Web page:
In a chapter on the image as witness, Alberto Manguel discusses the photographs of Tina Modotti:
The American critic Geoffrey Hartman, commenting recently on the surfeit of brutal images on television newscasts, warns of the dangers of being entertained by “useless violence” (a phrase coined by the Italian novelist Primo Levi to describe Nazi brutality). For Hartman, the hyperrealist imagery with which popular culture bombards us “not only makes critical thinking more difficult” but both fosters and demolishes an illusion: “that reality could be an object of desire rather than an aversion overcome.” …Unlike most television images, [Modotti’s] photographs both denounce the misery of her subjects and embrace their humanity as common to ours, achieving what Hartman calls “thinking with grief,” an attitude that does not allow for either absence of meaning or meaning too rapidly assigned. The image of the peasant’s hands and feet becomes, framed by Modotti’s camera, a kind of memento mori, an object for reflection in which we, far from the subject’s suffering, are nevertheless reflected.Manguel, Reading Pictures, page 84
Modotti’s photographs require us to recognize our own frailty, our own mortality. Contrast that with another kind of photographic witness, this time at Abu Ghraib:
But above all, it was the posing soldiers, mugging for their buddies’ cameras while dominating the prisoners in trophy stances, that gave the photographs the sense of unruly and unmediated reality. The staging was part of the reality they documented. And the grins, the thumbs-up, the crossed over puffed-out chests—all this unseemly swagger and self-regard was the height of amateurism. These soldier-photographers stood, at once, inside and outside the events they recorded, watching themselves take part in the spectacle, and their decision not to conceal but to reveal what they were doing indicated they were not just amateur photographers, but amateur torturers.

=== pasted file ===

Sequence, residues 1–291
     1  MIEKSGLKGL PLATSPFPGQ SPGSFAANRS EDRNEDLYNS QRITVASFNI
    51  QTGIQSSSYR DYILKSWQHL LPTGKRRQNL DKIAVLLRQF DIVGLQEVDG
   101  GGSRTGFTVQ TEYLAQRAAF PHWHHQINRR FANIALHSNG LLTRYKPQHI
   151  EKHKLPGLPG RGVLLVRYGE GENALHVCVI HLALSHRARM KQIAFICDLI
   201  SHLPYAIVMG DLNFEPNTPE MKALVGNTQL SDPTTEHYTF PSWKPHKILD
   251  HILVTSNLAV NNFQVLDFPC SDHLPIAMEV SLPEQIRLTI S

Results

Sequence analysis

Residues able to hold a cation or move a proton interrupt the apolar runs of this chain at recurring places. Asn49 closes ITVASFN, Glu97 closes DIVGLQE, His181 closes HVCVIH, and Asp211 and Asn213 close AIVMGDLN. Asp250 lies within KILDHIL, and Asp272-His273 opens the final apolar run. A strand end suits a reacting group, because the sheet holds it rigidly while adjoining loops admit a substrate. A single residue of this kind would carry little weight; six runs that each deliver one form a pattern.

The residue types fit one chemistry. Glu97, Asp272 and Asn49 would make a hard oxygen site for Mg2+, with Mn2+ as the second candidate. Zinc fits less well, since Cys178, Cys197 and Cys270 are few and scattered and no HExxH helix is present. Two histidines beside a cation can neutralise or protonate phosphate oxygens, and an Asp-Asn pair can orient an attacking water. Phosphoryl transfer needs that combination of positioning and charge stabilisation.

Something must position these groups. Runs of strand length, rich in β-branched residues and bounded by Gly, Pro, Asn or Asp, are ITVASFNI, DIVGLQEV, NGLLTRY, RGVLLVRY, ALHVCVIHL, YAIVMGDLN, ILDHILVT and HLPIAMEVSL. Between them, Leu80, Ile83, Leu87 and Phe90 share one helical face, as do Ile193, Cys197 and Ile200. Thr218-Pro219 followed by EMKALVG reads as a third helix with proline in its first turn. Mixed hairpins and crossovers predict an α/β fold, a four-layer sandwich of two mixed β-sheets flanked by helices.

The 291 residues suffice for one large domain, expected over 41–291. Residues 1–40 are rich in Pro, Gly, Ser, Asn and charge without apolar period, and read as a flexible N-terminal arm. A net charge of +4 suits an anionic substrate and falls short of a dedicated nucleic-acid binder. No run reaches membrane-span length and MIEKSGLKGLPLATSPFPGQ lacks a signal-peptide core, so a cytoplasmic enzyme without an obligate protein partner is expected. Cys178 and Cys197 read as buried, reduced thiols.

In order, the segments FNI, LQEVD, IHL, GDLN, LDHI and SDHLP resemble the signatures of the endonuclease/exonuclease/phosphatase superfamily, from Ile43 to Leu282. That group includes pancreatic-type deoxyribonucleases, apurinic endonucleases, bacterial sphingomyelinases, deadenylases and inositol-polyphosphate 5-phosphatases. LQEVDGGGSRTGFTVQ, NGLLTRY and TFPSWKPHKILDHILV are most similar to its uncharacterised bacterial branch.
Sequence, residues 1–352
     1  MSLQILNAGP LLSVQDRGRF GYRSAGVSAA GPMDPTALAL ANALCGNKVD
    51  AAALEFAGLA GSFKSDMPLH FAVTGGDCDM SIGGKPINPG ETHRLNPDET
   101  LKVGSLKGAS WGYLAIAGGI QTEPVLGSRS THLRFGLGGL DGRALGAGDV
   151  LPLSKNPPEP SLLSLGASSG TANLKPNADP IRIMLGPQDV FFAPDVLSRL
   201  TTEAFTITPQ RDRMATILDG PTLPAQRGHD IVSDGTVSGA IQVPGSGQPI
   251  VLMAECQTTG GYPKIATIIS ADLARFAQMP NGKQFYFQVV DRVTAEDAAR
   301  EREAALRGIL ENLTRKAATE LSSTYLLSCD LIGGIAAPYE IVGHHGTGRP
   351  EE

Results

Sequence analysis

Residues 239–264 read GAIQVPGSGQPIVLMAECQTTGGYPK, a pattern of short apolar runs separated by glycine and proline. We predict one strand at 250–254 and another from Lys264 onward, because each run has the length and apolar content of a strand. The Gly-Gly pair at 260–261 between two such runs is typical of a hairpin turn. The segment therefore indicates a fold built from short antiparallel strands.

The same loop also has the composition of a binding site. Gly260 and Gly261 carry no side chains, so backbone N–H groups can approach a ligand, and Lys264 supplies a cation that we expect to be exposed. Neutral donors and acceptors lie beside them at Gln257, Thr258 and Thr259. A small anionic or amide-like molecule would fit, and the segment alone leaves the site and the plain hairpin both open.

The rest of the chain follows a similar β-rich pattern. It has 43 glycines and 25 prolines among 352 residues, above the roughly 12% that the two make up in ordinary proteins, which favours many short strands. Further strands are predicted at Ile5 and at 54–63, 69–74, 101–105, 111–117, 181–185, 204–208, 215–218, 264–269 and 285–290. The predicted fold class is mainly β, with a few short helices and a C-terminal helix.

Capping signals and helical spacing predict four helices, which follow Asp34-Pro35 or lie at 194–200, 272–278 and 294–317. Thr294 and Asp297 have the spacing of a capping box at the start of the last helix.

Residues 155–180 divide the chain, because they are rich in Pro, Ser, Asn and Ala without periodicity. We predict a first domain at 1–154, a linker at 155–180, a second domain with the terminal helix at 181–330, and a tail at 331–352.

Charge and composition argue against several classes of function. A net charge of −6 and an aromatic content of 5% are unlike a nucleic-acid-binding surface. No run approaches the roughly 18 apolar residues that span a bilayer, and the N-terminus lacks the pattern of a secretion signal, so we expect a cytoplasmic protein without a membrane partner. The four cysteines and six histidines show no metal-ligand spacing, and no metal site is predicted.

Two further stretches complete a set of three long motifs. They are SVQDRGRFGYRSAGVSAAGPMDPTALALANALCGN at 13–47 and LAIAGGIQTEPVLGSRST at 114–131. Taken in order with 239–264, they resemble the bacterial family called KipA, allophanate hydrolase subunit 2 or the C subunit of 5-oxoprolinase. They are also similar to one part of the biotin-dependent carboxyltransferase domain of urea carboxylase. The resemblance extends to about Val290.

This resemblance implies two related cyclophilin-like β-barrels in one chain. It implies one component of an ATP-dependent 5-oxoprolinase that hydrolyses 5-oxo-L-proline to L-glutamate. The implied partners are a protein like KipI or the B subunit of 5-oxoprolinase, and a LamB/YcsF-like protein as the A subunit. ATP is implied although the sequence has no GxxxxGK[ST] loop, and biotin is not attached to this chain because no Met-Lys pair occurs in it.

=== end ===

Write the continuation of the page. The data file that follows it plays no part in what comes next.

So the amateurism was not merely a formal dimension of the Abu Ghraib pictures. It was part of their content, part of what we saw in them, and it corresponded to an aspect of the Iraq war that troubled and baffled nearly everyone: the reckless and slapdash ineptitude with which it had been prosecuted.…What had been billed as a war of ideas and ideals had been exposed as a war of poses and posturing. It was our image versus the enemy’s, a standard, in this case, by which it was easy to stoop appallingly low before being caught out. The Abu Ghraib photographs caught us out.Gourevitch and Morris, Standard Operating Procedure, page 262
At Modotti’s photographs, we feel sympathy or sadness; at the Abu Ghraib photos, anger and indignation. It is much easier to acknowledge privilege than it is to own up to wrongdoing.